Desertion of core vote banks cost SP, BSP dear

Desertion of core vote banks cost SP, BSP dear

Muslims angry over Kalyans inclusion; Dalits sore with Maya

Desertion of core vote banks cost SP, BSP dear

While the SP, which depended heavily on the ‘Muslim-Yadav’ combination, witnsessed large scale desertions by the Muslims, the BSP, whose core vote bank comprised dalits found to its dismay that a sizeable section of dalits had deserted it.

SP supremo Mulayam Singh Yadav apparently failed to gauge the magnitude of ‘Muslim anger’ because of his proximity with the former BJP leader Kalyan Singh. The party suffered heavy setbacks in Muslim-dominated constituencies and for the first time in its political history all its Muslim nominees bit the dust.

Even before the beginning of the five phased polling, several senior Muslim leaders of SP had resigned in protest against joining hands with Kalyan Singh.

The SP had fielded as many as 12 Muslim candidates but all of them lost. Incidentally in the 2004 general elections, of the 11 Muslim MPs from the State, seven belonged to SP.
Even stalwarts like sitting MPs Rashid Masood (Saharanpur) and Ruab Sayeed (Baharaich), industrialist Zafar Alam (Aligarh) and party MLAs Iqbal Mehmood (Sambhal) and Riaz Ahmed (Pilibhit) failed to reach the 15th Lok Sabha from their respective constituencies.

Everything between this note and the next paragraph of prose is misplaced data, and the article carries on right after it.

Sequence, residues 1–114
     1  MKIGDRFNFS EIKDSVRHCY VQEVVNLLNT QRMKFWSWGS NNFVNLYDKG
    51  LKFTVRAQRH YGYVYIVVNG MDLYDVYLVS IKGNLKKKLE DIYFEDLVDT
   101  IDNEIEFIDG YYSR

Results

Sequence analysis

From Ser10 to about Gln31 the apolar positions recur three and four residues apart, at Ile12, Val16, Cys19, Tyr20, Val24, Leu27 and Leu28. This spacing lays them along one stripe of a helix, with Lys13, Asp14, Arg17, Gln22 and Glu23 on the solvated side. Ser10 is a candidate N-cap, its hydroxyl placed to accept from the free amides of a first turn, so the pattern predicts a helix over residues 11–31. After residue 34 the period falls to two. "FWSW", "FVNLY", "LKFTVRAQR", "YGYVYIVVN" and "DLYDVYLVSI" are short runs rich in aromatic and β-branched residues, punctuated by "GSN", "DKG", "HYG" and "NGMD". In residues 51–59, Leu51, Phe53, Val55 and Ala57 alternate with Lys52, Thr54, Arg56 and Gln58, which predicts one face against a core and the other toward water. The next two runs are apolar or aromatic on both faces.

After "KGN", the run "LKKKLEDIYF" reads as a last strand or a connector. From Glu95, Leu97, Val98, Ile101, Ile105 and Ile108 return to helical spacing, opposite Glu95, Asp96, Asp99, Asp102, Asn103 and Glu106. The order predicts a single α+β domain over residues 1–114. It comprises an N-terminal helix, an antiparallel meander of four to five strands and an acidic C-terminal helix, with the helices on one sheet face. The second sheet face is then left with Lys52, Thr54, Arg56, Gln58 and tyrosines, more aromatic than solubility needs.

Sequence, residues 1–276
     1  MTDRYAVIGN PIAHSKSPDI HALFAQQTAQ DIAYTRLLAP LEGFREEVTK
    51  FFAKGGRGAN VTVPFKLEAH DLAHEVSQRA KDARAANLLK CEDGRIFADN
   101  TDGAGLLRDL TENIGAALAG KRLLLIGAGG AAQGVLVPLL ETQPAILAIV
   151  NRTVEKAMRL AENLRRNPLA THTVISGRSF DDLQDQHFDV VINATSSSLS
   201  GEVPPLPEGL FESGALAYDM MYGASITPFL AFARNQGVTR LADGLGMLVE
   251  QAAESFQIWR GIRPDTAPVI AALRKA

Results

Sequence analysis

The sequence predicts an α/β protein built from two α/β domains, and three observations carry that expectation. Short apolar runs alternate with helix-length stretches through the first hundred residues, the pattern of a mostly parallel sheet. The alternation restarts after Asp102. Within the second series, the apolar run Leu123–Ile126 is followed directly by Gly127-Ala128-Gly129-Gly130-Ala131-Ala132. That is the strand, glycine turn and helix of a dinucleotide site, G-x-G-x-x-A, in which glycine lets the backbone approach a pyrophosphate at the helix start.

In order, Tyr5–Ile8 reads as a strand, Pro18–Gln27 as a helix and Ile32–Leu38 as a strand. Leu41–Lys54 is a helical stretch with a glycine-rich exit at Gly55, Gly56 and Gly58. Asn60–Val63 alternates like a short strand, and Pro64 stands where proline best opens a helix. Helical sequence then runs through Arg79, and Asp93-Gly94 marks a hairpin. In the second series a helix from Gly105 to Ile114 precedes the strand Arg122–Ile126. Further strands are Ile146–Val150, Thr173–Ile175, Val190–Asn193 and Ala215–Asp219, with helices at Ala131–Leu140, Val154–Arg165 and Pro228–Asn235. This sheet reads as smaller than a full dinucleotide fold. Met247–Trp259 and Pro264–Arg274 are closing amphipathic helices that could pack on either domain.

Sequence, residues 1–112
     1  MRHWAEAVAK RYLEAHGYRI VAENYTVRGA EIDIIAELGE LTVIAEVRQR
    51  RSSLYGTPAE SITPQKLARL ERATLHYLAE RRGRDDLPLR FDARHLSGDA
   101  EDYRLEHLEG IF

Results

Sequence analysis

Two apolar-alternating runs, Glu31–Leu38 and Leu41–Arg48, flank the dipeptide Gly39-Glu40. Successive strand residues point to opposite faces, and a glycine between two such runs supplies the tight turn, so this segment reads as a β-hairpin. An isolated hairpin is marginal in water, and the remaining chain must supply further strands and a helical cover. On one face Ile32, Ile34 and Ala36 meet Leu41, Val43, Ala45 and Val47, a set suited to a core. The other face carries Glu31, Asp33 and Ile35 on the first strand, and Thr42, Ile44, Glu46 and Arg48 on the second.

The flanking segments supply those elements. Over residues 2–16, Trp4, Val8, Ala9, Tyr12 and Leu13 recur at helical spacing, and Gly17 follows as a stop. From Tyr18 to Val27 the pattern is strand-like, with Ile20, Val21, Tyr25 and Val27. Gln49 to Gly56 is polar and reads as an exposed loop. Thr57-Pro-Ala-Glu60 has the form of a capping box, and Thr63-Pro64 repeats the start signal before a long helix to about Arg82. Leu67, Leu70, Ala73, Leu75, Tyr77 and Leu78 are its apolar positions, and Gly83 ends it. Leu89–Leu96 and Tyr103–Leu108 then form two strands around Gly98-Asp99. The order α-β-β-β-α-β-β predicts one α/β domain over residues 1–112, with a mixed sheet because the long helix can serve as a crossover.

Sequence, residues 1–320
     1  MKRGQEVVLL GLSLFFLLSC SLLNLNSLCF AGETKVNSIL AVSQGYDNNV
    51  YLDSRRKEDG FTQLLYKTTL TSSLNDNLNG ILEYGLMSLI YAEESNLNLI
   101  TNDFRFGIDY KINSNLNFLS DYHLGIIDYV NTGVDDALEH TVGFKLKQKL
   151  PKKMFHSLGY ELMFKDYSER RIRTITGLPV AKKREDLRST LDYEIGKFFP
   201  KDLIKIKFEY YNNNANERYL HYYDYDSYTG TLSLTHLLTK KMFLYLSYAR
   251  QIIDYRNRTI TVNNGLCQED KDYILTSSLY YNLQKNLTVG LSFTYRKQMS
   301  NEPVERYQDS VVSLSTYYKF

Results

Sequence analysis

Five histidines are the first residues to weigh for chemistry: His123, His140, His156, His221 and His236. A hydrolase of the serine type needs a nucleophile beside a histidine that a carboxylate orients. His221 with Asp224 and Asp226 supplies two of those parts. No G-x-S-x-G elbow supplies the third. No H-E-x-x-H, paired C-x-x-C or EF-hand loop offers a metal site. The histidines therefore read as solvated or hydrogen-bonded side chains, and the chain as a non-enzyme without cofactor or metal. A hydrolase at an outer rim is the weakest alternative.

Supporting other parties

At some Muslim-dominated constituencies, the voters rejected the SP’s Muslim nominee and supported the Muslim candidates of other parties.

For instance, SP’s Iqbal Mehmood lost at Sambhal but BSP’s Shafiqur Rehman Burq was elected from there. Similarly SP’s Hazi Rizwan was defeated by Congress nominee and former India captain Mohammed Azharuddin at Moradabad.

Similarly SP candidate from Kairana Shadab Masood lost to BSP’s Tabassum Begum.
Although SP rebel Azam Khan failed to fulfil his mission of defeating party nominee Jaya Prada in the Muslim stronghold of Rampur, his prediction that the Muslims would desert Mulayam proved to be correct.

The ruling BSP also faced similar desertions from the dalits at many places taking the party strategists by surprise. The BSP, which had emerged victorious at four reserved constituencies in the 2004 Lok Sabha polls, could win in only two places this time.
Of the total 17 reserved constituencies in UP, the SP has bagged the maximum number of seats (10) followed by the Congress and BJP, which have won two seats each. The RLD, which had fought in alliance with BJP, also bagged one reserved seat.

The BSP suffered a shock defeat in Barabanki reserved constituency, where party supremo Mayawathi’s one-time close confidante and principal secretary P L Punia emerged victorious on a Congress ticket.

Incidentally a host of state ministers and bureaucrats had been deployed in the constituency by the BSP supremo to ensure Punia’s defeat. “The result of Barabanki is a pointer that Mayawati cannot treat the dalits as her fiefdom”, Punia told Deccan Herald.
Moreover BSP could barely win Lalganj and Mishrikh reserved seats by slender margins. Mayawati had directed the party officials to concentrate more on the reserved seats this time. “It certainly does not augur well for Mayawati”, said a BSP leader preferring anonymity.
DH News Service

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